We found a lot to talk about and the adult conversation ranged over various interesting topics, but we always came back to OMS. Katarina has had the condition for many years now, so we had a lot to learn from their experience. As well as confirming many of the things we have been reading about, some of the points to note are:

  • Surrounding Amelia with pillows and soft toys might help her sleep by making her more secure when she wakes up (we tried it last night and she did sleep well).

  • IVIG has very minimal side effects and we should try it as soon as we can

  • Dr Mitchell says that every OMS relapse costs 5 IQ points

After such an enjoyable visit, it was sad to say goodbye to the Wright family knowing we probably won't see them again for a long time. We felt that we could have easily spend more time chatting, but at least we will be connected by the internet.

Saturday, July 03, 2004

Two steps forward, one step back

We have been home for five days now and Amelia's OMS symptoms are up and down, and now we have the added complication of steriod side effects. The most notable steriod effect is Amelia's ravenous appetite. No food is safe in our house! In particular she is craving sugar, but we have been advised to try and remove it from her diet altogether to stop her from ballooning out and becoming 'Cushingoid'. We are trying, but it is extremely hard to avoid sugar in our society. Almost everything we buy has added sugar, so the only way seems to be to cook everyting from raw ingredients ourselves. The Atkin's diet would work, but we don't think we are ready to do something that radical yet.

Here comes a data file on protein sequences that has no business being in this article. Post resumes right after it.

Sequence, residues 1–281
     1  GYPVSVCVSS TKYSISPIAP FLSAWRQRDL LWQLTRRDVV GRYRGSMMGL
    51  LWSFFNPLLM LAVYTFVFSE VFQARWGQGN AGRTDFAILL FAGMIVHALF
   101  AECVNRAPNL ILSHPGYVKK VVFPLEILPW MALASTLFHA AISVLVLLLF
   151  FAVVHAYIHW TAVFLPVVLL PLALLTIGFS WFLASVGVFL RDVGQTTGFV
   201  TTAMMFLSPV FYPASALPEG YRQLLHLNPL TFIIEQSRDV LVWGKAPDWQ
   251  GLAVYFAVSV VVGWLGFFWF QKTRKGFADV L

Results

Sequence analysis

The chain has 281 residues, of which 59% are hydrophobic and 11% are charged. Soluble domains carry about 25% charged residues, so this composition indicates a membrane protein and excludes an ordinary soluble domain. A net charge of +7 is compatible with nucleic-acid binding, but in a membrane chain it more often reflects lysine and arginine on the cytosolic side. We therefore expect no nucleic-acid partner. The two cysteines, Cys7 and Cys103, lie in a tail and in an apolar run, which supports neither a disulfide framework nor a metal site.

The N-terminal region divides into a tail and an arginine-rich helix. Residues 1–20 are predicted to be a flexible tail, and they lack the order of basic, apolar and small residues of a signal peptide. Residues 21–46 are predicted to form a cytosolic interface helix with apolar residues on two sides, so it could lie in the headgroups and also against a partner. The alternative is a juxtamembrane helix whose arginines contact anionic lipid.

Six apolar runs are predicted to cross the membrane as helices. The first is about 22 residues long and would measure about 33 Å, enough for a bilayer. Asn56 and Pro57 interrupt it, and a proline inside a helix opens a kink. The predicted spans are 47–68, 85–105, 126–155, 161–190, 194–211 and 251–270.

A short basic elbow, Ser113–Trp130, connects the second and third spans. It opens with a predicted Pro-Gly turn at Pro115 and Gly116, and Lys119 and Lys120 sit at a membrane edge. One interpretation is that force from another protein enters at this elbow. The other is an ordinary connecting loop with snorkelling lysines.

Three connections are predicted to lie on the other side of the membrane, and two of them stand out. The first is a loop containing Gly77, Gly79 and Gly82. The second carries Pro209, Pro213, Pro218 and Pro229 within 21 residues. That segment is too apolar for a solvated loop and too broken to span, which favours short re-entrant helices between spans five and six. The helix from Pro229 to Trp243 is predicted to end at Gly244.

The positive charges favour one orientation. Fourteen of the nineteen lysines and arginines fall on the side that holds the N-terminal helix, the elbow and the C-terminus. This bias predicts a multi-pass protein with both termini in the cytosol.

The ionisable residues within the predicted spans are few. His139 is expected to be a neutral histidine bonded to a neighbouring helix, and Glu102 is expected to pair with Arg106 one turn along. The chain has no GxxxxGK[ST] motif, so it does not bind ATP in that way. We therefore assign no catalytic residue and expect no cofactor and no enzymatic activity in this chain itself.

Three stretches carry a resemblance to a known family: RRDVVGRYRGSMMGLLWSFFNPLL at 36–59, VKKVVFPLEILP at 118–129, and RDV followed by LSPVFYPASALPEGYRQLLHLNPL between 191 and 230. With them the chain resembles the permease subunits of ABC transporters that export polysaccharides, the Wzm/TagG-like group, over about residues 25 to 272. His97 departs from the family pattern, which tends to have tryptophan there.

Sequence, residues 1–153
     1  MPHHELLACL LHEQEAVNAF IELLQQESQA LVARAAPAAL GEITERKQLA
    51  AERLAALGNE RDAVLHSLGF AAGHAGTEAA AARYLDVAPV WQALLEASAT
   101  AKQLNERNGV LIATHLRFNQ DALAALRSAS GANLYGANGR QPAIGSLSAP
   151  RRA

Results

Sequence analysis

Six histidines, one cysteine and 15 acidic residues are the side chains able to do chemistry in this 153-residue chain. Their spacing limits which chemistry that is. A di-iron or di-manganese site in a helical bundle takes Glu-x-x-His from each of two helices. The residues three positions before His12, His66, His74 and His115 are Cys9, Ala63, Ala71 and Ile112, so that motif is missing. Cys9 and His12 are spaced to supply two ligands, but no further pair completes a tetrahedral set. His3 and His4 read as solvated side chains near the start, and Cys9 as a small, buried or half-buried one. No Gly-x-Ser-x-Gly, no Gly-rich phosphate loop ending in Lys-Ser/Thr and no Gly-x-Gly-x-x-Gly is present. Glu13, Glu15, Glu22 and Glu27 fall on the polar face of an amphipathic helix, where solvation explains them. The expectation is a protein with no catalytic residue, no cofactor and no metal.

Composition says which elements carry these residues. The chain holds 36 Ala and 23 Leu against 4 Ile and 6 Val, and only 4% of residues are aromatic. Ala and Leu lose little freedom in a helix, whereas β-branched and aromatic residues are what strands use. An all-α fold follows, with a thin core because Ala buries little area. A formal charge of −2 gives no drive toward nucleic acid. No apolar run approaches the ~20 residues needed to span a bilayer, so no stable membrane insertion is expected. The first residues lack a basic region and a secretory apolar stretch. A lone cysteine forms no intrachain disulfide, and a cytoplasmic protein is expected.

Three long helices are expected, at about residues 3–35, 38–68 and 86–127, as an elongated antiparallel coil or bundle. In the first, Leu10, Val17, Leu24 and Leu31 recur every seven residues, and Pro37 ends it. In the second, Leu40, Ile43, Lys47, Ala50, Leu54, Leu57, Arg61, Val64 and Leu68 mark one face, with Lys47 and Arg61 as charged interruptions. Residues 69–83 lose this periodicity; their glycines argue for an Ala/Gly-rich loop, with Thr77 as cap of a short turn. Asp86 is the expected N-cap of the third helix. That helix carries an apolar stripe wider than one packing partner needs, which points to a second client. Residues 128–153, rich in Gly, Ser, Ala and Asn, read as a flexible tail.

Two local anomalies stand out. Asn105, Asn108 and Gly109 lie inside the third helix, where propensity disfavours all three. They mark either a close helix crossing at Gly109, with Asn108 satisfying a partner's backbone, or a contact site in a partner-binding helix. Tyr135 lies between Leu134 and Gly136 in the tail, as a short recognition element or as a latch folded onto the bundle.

Suzette from OMSFamilies sent us a very nice email encouraging us to be patient with the treatment. We have only been taking the steroids for about 10 days and it can take weeks for even very effective treatments to work, so it is early days.